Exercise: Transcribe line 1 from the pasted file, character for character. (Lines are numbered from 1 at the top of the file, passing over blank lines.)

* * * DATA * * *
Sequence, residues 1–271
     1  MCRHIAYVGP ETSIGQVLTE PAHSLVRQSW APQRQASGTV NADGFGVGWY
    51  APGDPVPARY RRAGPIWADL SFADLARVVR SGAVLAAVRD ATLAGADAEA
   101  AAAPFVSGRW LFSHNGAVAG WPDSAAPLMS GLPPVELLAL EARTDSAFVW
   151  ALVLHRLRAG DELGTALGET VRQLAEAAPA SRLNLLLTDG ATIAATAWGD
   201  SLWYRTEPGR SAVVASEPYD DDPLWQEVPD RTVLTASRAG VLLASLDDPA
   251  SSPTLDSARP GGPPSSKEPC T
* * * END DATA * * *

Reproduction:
Sequence, residues 1–271